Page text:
Since the closure of a coal-powered aluminum plant in Rockdale, the town seems to be going all in on a high-tech operation called Bitcoin mining. Jeff Mosier is an energy and environment reporter for the Dallas Morning News.
“The new Bitcoin mining facility is going to be opening at the former Alcoa Aluminum smelter, and that’s next door to the coal plant that just closed,” Mosier says. “So now that that’s gone, they have a big industrial facility with lots of electricity infrastructure [capable of] Bitcoin mining, which is essentially a huge server farm.”
It’s important to stress that the type of mining Alcoa used to do is far different from Bitcoin mining.
“[The bitcoin mining] computers…run specific software that crunches through algorithms and works on specific mathematic formulas,” Mosier says. “It takes a lot of processing power, a lot of time, and a lot of electricity to do that. So more and more big companies are getting into that because they can do it on scale.”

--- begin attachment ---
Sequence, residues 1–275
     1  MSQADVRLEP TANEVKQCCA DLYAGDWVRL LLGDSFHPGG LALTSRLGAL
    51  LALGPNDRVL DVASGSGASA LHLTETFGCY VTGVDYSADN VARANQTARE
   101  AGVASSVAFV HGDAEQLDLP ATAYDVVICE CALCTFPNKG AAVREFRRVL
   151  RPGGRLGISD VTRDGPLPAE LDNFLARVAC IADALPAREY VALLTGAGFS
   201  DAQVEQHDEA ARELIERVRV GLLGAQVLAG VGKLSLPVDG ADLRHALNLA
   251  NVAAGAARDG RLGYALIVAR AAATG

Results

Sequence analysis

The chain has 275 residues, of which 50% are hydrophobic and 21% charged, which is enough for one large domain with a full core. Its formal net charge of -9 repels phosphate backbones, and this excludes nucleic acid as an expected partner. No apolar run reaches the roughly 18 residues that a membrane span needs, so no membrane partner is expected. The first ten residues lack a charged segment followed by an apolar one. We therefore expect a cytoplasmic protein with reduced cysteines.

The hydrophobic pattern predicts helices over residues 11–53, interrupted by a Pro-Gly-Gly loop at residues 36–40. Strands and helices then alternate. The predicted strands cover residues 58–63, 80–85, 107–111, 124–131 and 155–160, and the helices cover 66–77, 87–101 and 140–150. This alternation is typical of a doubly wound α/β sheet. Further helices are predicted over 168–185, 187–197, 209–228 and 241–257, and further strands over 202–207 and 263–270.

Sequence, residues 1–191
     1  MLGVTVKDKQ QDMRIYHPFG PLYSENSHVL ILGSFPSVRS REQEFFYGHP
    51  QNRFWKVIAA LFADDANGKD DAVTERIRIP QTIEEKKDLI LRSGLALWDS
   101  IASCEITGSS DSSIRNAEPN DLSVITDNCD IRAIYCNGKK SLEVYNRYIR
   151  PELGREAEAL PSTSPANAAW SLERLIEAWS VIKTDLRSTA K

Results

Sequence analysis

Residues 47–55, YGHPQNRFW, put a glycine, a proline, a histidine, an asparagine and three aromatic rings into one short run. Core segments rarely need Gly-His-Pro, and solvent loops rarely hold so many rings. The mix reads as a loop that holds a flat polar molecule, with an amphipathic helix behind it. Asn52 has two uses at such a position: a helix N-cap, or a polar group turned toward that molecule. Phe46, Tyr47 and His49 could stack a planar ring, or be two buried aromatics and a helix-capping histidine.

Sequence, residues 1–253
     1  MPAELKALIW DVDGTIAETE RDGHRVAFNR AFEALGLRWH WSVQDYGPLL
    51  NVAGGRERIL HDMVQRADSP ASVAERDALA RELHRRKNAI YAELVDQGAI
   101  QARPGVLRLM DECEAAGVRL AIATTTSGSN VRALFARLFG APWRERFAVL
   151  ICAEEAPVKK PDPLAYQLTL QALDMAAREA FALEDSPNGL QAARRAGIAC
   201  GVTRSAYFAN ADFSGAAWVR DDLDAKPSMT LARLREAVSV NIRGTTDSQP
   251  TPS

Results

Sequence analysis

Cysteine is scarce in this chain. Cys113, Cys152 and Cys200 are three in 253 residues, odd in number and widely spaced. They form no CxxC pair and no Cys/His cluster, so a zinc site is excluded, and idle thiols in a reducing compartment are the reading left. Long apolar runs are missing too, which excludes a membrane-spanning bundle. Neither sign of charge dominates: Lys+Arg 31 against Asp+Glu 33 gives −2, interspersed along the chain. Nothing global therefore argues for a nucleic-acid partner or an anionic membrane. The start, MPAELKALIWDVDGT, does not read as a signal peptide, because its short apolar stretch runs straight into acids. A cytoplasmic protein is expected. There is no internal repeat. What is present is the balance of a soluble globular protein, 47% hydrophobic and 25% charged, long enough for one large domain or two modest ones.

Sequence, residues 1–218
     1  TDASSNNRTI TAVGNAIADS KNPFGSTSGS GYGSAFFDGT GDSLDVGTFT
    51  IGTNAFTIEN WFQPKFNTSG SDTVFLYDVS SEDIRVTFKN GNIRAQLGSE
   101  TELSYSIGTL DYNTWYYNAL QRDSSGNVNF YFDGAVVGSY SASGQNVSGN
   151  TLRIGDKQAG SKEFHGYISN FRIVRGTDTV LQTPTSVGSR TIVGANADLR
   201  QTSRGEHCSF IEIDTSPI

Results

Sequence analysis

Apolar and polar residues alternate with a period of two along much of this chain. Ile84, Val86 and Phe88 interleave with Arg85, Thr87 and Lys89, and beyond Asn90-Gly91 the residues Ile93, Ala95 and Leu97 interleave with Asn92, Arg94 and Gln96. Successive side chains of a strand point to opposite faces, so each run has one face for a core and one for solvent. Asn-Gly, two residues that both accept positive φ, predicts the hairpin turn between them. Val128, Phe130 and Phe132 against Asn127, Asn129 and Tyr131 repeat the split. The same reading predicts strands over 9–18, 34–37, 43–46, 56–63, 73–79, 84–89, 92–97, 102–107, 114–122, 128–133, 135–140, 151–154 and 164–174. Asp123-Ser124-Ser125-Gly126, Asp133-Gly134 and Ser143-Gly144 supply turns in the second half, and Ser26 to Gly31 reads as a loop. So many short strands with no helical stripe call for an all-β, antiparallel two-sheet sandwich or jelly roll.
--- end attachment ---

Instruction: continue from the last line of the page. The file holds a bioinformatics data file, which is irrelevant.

But how many jobs can be created by running arithmetic problems on servers? Mosier says it’s not entirely clear but that perhaps as many as 500 jobs may come to Rockdale as a result of this venture.
Written by Josue Moreno